The miracle organic-inorganic hybrid semiconductors are a group of II-VI based hybrid crystals that are miraculous in two senses:  they have exceptionally long shelf life, over 15-years documented, compared to other hybrids; and yet they are structurally nearly perfect, even better than some well-known binary inorganic semiconductors.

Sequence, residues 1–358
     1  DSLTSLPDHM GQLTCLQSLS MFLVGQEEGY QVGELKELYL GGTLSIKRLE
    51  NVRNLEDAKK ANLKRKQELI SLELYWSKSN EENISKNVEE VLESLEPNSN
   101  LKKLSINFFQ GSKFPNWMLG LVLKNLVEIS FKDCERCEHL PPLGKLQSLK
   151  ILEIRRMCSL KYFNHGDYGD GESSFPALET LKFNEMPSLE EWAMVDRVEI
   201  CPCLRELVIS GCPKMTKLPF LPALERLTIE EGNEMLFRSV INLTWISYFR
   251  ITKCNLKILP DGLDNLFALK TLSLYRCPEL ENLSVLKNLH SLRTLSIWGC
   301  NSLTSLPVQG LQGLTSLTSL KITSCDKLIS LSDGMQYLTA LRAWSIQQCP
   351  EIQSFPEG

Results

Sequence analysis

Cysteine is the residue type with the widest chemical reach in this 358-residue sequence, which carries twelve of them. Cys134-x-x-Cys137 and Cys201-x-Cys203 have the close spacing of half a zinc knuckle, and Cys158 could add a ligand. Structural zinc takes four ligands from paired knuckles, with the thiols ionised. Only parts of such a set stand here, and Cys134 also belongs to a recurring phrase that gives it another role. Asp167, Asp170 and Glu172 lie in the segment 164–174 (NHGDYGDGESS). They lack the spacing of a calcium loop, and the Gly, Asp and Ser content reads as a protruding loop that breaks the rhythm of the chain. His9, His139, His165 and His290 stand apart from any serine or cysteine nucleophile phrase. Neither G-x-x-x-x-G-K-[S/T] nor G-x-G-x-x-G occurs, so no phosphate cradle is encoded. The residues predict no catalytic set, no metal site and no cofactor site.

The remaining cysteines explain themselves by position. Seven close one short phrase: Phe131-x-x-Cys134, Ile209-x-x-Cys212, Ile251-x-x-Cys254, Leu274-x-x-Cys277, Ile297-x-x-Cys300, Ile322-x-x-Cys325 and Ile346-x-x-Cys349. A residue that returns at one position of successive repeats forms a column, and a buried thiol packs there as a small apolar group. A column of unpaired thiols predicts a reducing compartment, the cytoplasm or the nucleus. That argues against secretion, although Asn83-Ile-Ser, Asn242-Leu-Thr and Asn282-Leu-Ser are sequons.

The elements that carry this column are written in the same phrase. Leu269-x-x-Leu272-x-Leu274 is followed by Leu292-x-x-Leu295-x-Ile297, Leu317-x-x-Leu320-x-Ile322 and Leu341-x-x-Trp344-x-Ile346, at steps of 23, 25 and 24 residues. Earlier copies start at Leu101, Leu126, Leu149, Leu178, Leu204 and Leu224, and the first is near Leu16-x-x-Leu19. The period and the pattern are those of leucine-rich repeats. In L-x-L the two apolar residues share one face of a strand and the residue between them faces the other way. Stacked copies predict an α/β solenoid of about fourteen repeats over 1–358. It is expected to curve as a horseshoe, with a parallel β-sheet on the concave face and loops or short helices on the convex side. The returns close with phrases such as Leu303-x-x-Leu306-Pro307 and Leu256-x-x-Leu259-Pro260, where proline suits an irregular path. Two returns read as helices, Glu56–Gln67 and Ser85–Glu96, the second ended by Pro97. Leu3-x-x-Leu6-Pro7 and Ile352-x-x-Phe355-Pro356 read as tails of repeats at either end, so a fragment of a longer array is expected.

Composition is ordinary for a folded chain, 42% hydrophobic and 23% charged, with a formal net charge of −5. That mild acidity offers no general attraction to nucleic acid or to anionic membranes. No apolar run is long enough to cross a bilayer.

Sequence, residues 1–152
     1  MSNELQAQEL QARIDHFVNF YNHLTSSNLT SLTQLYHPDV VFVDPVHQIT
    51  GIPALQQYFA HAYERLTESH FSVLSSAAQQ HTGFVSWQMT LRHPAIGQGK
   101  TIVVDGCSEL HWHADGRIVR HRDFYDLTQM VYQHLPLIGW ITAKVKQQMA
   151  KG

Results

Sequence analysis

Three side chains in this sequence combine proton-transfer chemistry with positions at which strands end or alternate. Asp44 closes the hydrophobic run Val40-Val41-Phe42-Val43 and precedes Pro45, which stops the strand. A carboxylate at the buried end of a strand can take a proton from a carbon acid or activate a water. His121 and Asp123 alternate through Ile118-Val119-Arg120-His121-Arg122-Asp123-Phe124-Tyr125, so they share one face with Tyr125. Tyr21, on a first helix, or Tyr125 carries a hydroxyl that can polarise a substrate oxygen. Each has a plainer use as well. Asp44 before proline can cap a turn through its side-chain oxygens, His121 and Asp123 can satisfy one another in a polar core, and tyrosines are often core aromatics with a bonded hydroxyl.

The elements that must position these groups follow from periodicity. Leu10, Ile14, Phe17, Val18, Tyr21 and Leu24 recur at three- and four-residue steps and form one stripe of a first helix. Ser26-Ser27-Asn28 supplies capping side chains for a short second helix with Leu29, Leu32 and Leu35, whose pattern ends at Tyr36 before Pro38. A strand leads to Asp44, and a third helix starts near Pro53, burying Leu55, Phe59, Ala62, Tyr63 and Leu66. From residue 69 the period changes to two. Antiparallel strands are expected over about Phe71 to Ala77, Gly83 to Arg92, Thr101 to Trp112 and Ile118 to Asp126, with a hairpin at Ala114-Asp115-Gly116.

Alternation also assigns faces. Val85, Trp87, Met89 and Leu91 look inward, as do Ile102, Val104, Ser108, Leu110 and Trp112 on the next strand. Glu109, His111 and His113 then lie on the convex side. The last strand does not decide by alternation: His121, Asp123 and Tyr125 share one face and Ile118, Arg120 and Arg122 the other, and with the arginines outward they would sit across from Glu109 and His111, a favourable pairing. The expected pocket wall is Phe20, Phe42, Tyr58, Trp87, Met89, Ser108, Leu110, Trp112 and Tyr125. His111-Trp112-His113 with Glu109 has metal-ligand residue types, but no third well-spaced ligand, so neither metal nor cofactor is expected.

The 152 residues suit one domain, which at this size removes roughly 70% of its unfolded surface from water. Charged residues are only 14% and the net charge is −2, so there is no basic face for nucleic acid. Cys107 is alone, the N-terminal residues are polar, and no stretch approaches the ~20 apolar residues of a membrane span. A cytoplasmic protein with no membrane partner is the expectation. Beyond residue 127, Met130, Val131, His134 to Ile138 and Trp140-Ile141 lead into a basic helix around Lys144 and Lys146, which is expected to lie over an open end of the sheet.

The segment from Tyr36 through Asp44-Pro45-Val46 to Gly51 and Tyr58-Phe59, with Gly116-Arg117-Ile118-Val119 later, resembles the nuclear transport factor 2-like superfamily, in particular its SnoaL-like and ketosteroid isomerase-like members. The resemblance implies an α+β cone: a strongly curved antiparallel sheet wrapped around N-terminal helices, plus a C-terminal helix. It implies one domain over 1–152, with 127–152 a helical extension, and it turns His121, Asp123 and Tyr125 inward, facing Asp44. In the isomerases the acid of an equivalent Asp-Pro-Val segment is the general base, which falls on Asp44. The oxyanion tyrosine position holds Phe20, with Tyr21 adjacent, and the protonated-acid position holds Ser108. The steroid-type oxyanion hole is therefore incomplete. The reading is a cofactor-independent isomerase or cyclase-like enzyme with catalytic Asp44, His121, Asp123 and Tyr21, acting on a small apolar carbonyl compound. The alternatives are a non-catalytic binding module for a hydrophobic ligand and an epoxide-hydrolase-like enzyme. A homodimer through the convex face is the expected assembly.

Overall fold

A prototype example of these II-VI hybrids is ZnTe(en)0.5, where en (= C2N2H8) is an organic molecule called ethylenediamine. These materials were first reported around two-decade ago by Prof. Jing Li’s group at Rutgers University. They are ultra-thin layers of inorganic semiconductor sheets interconnected by organic molecules. Soon after the report, Prof. Yong Zhang, then at NREL, and his colleagues revealed a number of very unique properties, such as greatly enhanced exciton binding energy, unusually strong optical absorption and zero-thermal expansion. Recently, Zhang and Prof. Schmedake, supported by ARO, have re-initiated the study on these materials. Very surprisingly, they found some of the old samples studied over 15 years ago and kept under ambient condition remained practically the same as the newly made ones, although some were found degraded to various degrees. The finding suggests that the already long shelf life was still not limited by the material’s intrinsic, thermodynamic degradation mechanism, rather by other extrinsic mechanisms, such as surface imperfection or structural defects. Their thermal degradation study has yielded a projected room temperature half life over 10^8 years, an idealistic lifetime for a defect-free and properly encapsulated sample. By performing a first-principle density functional theory modeling, done by a collaborator, they have concluded that the intrinsic long-term stability is closely related to the formation energy of the hybrid structure. For ZnTe(en)0.5, the value is rather high due to covalent like chemical bonding between the inorganic and inorganic units (0.52 eV vs. 0.80 eV for ZnTe), whereas for the highly interested halide hybrid MAPbI3 the value is substantially smaller (0.1 eV). The degradation rate is expected to sensitively depend on the formation energy through an exponential function or a Boltzmann factor.